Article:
From Moving Image Source (www.movingimagesource.us), posted September 22, 2009. Also reprinted in my collection Goodbye Cinema, Hello Cinephilia. — J.R.
Following James Agee: Film Writing and Selected Journalism (2005), and American Movie Critics (2006), Farber on Film: The Complete Film Writings of Manny Farber is the Library of America’s third and so far most ambitious effort to canonize American film criticism — a daunting task that’s been lined at every stage with booby traps, at least if one considers the degree to which film criticism might be regarded as one of the most ephemeral of literary genres. And this is certainly the volume that adds the most to what has previously been available; by rough estimate, it easily triples the amount of film criticism by Manny Farber that we have between book covers.
As Karl Marx once pointed out, quantity changes quality, but this doesn’t entail any lessening of Farber’s importance. I would even argue that both the nature and evolution of his taste and writing over 30-odd years, before he gave up criticism to concentrate on his painting, still make him the most remarkable figure American film criticism has ever had.
Bringing a painter’s eye to film criticism and couching even his most serious observations in a snappy, slangy prose, Farber was the first American in his profession to write perceptively about the personal styles of directors and actors without any consumerist agendas or academic demonstrations. You couldn’t quote him in ads because it wasn’t always clear or even necessarily relevant whether he liked the movie or not.
Sometimes he showed the discernment of an aficionado: one remembers “a Cagney performance under the hands of a [William] Keighley…as a sinewy, life-marred exactness that is as quietly laid down as the smaller jobs played by the Barton MacLanes and Frankie Darros.” Other times he went after poetic approximations: “Howard Hawks is a bravado specialist who always makes pictures about a Group. Fast dialogue, quirky costumes, the way a telephone is answered, every thing is held together by his weird Mother Hen instinct.”
The editorial processes at work in all three Library of America volumes of film criticism have raised as many questions as they’ve answered. The same applies to Britton on Film, published this year and subtitled The Complete Film Criticism of Andrew Britton — even though, as Brad Stevens pointed out in Sight and Sound last April, it’s far from complete. (From this standpoint, the enlarged 2001 edition of Robert Warshow’s The Immediate Experience looks irreproachable — though Warshow’s entire published oeuvre apparently still runs to only 300 pages, making things a lot simpler.) The title of the Agee volume seems to imply that all of his film writing but only a selection of his other journalism is included, which is far from the case. Agee published well over 200 unsigned film review columns and film-related profiles in Time between 1942 and 1948, and editor Michael Sragow added only 20 of these to the 38 included in the previously collected Agee on Film (1958). On the other hand, Farber, who died in 2008, requested that all 15 of his own Time movie columns in 1949-50 be excluded from his collected criticism because they were so often rewritten by editors that he didn’t want to claim authorship — an exclusion that Agee apparently had neither the opportunity nor the expressed desire to make regarding his own prose in Time.
My objection to Sragow’s work has less to do with any inclusion than with its omission of Agee’s greatest single essay, unrelated to film and unpublished during his lifetime — “America, Look at Your Shame!“ (1943), which can be found in the January-February 2003 issue of The Oxford-American and the collection James Agee Rediscovered. And Philip Lopate’s selections and exclusions in American Movie Critics often regrettably seem to have more to do with social pecking orders than with literary or aesthetic criteria, at least regarding living figures. (When it comes to the pioneers, I may simply have a blind spot about his major discovery, Otis Ferguson, whose collected works have never affected my perceptions of either film or jazz, his two specialties, much less literature.)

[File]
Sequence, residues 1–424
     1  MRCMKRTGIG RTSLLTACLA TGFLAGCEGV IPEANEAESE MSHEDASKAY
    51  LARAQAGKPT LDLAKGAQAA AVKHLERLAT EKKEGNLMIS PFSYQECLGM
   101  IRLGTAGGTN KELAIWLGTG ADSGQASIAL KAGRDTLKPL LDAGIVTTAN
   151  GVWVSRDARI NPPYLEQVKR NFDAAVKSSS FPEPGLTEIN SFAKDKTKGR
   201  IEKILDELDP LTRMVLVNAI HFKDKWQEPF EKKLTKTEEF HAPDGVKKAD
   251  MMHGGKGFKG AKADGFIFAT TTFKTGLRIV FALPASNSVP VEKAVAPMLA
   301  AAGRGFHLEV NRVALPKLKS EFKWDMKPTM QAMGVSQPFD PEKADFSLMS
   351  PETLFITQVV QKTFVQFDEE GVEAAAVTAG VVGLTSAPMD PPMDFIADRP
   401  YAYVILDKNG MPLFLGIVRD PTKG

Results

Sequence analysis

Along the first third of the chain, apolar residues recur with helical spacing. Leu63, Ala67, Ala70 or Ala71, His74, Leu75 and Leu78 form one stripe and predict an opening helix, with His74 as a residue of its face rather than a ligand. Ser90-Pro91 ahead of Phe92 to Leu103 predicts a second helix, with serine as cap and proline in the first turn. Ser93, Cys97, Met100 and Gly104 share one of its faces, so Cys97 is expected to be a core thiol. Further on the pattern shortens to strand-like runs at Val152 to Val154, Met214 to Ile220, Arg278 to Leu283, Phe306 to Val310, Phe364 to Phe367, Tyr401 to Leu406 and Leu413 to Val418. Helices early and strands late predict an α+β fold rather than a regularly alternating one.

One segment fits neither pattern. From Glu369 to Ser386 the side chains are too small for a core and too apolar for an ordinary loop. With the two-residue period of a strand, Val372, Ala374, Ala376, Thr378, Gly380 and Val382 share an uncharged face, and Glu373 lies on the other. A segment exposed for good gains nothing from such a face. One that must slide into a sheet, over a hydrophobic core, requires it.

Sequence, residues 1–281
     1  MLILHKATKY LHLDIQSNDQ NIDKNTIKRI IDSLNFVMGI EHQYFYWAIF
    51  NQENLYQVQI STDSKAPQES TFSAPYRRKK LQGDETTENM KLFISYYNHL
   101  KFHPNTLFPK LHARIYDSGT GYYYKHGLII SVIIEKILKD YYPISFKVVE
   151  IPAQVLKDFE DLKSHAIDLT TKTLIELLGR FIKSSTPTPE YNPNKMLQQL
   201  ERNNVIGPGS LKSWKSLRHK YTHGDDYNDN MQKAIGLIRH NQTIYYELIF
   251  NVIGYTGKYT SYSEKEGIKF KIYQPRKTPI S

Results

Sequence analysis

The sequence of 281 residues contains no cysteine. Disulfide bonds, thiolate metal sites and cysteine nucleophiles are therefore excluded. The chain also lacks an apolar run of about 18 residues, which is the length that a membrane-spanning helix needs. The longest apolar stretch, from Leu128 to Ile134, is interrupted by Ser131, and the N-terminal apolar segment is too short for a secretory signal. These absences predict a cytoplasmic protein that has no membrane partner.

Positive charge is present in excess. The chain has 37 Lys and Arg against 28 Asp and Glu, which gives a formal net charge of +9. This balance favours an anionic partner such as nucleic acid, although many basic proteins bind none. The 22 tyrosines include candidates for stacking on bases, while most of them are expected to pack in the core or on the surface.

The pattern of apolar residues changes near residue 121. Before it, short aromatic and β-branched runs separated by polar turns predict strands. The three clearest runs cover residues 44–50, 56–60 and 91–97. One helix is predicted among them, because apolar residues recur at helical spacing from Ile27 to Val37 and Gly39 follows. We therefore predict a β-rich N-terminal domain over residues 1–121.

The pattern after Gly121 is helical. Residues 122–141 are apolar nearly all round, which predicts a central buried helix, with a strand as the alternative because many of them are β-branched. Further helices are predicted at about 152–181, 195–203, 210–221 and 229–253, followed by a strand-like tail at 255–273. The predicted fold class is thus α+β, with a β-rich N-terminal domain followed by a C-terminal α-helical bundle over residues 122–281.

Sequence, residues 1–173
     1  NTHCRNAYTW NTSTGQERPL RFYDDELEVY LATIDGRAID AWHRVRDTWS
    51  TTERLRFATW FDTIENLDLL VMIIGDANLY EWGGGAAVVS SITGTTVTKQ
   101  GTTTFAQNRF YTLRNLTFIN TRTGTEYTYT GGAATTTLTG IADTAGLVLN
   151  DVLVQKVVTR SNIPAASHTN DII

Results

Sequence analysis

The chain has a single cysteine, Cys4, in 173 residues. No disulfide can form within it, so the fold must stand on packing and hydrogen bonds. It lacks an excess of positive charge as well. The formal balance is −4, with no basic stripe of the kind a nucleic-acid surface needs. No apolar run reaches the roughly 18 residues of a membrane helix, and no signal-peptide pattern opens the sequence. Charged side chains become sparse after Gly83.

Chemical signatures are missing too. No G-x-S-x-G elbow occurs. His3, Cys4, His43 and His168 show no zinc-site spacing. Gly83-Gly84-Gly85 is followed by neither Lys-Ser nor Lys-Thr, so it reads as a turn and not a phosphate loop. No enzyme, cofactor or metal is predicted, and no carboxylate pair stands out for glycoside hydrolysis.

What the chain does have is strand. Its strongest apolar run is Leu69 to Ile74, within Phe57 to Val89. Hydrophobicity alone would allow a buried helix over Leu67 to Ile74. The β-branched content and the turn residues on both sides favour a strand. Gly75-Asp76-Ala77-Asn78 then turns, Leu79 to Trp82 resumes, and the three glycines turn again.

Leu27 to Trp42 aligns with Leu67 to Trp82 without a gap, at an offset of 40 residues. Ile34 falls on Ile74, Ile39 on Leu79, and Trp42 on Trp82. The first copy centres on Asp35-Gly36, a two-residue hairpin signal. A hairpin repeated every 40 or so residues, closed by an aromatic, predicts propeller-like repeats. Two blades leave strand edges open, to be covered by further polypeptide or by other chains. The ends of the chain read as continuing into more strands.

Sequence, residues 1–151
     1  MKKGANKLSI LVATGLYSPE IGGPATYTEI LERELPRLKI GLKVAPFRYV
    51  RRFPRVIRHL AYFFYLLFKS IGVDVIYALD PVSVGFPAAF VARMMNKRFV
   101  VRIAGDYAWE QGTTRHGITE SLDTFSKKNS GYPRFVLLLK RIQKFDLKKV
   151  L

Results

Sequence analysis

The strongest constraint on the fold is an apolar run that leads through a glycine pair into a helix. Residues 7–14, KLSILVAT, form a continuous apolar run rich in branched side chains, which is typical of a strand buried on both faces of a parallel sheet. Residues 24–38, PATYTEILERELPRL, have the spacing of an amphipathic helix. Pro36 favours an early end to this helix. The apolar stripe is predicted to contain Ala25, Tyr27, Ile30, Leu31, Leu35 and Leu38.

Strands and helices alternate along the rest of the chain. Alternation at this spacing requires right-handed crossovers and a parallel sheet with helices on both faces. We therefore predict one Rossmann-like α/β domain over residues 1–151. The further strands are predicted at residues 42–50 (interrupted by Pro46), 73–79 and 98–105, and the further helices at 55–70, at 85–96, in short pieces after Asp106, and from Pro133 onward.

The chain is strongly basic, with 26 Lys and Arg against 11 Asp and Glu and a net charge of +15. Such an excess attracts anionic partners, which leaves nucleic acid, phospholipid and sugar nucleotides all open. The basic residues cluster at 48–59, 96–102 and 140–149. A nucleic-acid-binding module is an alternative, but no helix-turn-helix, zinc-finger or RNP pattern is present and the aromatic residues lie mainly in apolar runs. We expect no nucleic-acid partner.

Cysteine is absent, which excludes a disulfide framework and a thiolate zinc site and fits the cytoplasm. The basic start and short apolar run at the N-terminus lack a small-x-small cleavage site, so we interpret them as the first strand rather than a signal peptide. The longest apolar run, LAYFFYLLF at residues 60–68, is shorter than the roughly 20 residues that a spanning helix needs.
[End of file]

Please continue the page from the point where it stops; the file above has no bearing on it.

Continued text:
The main issues raised by the canonized Farber are exclusions: his art criticism (40-odd pieces) — which does get discussed, along with Farber’s painting, in editor Robert Polito’s introduction — and a major interview conducted with Farber and Patricia Patterson (his partner and writing collaborator since the mid-1960s) by Richard Thompson in 1977. The latter comprises the last 43 pages of the superb 1998 expanded edition of Negative Space, Farber’s only previous book. In both cases the losses are conceptual as well as textual, and despite the generosity of what remains, they are huge.
Segregating the art criticism from the film criticism and the TV criticism (all of which apparently is included) distorts the meaning of Farber’s work in much the same way that isolating Jorge Luis Borges’s fiction and nonfiction in separate canonizing volumes has done. You can’t and shouldn’t distinguish between the separate cultural branches of Farber’s criticism because they all have things to say to one another. One can fully understand the niche-market rationale at the same time that one deplores the consequences. Similarly, I both understand and deplore the absence of the 1977 interview — a major and climactic critical statement that Farber and Patterson revised and worried over at length — as well as the inclusion of a Guggenheim grant proposal (clearly not intended for publication, unlike the interview) as the book’s final Farber text, implausibly dated the same year. In fact, I moved permanently from London to San Diego in early 1977, to replace Farber as a teacher while he was on leave for his Guggenheim—which is why I can attest to his and Patricia’s attitude toward that interview, conducted around the same time. Moreover, Manny had already hired me in 1976, whereas his proposal mentions me as one of the critics he expected to be “working with” in London.
On the other hand, I’ll concede that sometimes “precise” memories are mistaken. The first time we met in San Diego, Farber admitted he’d misremembered having met me eight years before, in New York. For that matter, in my 1993 essay about him, I recorded my apparent discovery that when he came to my house in Del Mar to watch Preston Sturges’s Christmas in July — which I was preparing to show in a class, and which he subsequently screened and lectured on many times himself — he’d never actually seen it before, though having co-written what clearly remains the definitive Sturges essay, he was too embarrassed to tell me this. Or so a mutual friend informed me. But “Preston Sturges: Satirist” in the December 21, 1942, issue of The New Republic makes it clear that Manny had seen Christmas in July back then. Ergo, it would probably be more accurate to say that 30-odd years later, in my living room, he rediscovered it.